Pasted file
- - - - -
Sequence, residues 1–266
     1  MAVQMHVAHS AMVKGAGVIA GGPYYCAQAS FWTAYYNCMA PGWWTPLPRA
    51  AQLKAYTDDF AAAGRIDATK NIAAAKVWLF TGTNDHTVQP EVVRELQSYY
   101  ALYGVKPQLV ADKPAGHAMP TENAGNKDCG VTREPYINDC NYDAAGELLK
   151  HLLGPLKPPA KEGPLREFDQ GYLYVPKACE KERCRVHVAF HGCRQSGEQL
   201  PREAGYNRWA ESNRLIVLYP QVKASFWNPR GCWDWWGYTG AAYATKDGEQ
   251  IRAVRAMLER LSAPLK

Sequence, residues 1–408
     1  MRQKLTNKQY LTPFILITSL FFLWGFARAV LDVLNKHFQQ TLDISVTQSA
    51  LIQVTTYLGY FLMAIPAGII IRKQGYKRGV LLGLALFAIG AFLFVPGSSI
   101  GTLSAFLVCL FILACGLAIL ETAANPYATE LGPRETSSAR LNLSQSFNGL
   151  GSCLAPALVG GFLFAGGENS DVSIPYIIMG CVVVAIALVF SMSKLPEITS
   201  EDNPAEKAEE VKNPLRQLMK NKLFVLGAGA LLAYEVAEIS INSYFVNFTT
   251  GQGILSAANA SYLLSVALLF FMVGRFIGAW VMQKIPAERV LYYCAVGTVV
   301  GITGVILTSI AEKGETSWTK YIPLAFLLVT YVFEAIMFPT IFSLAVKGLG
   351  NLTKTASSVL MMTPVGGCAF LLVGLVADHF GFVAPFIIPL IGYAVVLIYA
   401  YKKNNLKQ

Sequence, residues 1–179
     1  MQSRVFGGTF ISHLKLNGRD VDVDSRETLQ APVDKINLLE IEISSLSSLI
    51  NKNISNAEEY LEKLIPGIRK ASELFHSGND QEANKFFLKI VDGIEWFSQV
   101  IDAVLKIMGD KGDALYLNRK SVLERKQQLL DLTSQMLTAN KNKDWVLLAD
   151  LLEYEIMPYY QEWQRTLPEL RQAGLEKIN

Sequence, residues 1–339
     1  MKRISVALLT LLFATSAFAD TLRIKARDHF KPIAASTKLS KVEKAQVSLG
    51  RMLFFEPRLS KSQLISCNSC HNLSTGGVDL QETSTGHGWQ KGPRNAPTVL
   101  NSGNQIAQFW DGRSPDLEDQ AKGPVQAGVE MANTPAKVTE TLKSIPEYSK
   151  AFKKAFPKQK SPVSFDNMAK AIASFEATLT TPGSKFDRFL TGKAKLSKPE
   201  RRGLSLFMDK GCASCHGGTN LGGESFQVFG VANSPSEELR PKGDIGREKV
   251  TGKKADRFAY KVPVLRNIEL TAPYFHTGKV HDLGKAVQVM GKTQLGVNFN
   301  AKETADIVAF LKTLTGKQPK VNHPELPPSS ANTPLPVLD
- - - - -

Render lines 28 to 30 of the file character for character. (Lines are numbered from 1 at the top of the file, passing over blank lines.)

   201  RRGLSLFMDK GCASCHGGTN LGGESFQVFG VANSPSEELR PKGDIGREKV
   251  TGKKADRFAY KVPVLRNIEL TAPYFHTGKV HDLGKAVQVM GKTQLGVNFN
   301  AKETADIVAF LKTLTGKQPK VNHPELPPSS ANTPLPVLD